Although the structure of academia might make us think of literature and neuroscience as widely separate matters, our daily literary experiences are intimately dependent on brain activity. A considerable number of studies has illuminated this link by studying neurocognitive patterns as people read texts in their mother tongue. However, much less is known about this phenomenon in bilinguals during foreign-language (L2) reading. A recent study of our team has examined this issue focusing on Shakespearean figures of speech.

One of the distinguishing traits of Shakespeare’s style consists in the use of functional shifts, a linguistic maneuver whereby a word experiences a category change. For example, in the sentence, “He childed as I fathered” (uttered by Edgar in King Lear), the nouns “child” and “father” are used as verbs, generating a peculiar aesthetic effect. Previous neuroscientific research using modern-day adaptations of such Shakespearean tropes showed that, in native-language users, that particular effect would be characterized by a disruption of syntactic rather than semantic expectations — specifically, neurophysiological patterns gave signs of greater grammatical demands without increasing conceptual integration efforts.

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Though certainly informative, this finding cannot be extrapolated to non-native English users, who outnumber native speakers of that language and prove numerous among the readership of Shakespeare’s originals. To understand how these individuals process such linguistic constructions, we recruited two groups of proficient L2 users. One group was composed of early bilinguals who had acquired English at an average of roughly four years of age; the other consisted of late bilinguals, who had done so at a mean of nine years old. All participants read several sentences, half containing functional shifts and half including no particular manipulations. As participants indicated comprehension of the sentences by pressing a button, we measured their brain activity using high-density electroencephalography (EEG) and then proceeded to analyze oscillatory modulations in different frequency bands — that is, different ranges of the neurophysiological activity captured through EEG.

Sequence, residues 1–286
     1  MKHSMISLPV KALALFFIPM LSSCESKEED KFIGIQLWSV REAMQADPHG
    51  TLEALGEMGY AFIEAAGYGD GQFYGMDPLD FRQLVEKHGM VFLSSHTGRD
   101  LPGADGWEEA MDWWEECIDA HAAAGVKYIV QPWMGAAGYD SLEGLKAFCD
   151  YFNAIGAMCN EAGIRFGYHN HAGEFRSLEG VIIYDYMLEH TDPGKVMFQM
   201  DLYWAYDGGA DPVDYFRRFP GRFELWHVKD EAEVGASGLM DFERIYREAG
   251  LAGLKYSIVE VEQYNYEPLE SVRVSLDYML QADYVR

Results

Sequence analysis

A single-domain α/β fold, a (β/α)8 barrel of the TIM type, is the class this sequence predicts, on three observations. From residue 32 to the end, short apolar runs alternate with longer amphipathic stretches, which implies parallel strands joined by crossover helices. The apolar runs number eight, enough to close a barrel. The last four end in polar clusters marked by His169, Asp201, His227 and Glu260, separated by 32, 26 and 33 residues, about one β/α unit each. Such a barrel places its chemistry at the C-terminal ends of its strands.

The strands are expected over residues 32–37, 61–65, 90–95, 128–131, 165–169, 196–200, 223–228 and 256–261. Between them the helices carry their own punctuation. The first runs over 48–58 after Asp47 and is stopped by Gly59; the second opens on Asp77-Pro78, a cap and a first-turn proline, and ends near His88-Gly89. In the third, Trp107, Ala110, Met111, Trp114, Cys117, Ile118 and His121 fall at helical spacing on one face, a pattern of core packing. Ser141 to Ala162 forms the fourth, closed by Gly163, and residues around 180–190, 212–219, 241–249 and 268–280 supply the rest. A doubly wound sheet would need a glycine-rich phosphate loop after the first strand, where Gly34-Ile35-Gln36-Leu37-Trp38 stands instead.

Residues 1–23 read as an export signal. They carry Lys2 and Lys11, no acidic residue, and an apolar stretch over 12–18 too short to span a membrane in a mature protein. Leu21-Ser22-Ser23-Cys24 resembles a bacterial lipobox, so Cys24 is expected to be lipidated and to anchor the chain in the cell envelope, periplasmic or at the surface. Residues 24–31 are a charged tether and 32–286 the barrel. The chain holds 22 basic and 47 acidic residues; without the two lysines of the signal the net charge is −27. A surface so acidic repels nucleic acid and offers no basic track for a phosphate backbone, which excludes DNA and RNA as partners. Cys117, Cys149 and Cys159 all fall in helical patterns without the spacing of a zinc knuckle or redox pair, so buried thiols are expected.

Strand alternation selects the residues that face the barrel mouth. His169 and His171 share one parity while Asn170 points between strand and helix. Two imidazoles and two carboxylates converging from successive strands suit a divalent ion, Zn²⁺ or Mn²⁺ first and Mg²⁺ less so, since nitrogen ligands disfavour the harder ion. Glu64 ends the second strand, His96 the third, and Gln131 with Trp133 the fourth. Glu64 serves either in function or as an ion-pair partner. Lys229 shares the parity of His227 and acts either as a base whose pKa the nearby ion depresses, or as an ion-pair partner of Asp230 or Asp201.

In line with our predictions, we found that frontal-posterior modulations of the theta band (a frequency range that is highly sensitive to linguistic processes) discriminated between the two types of sentences, but only in the case of the early bilinguals. In other words, early bilinguals exhibited distinct sensitivity towards the wordplay of functional shifts, whereas late bilinguals did not present differential neural activity for sentences with and without that stylistic feature. Interestingly, this pattern did not emerge in other frequency bands, highlighting the potential specificity of theta-band modulations as a neural signature of L2 trope processing.

To the best of our knowledge, this is the first evidence that the age of L2 acquisition can influence how the brain processes these Shakespearean tropes. It follows that, within the broad non-native readership of Shakespeare’s originals, and possibly across the whole spectrum of L2 readers, the same figure of speech might evoke significantly different neurocognitive processes depending on how early or late English was acquired. Of note, this pattern seems to be specifically driven by the subjects’ age of L2 acquisition, as both groups were similar in other relevant aspects, such as their overall language proficiency and years of formal L2 study.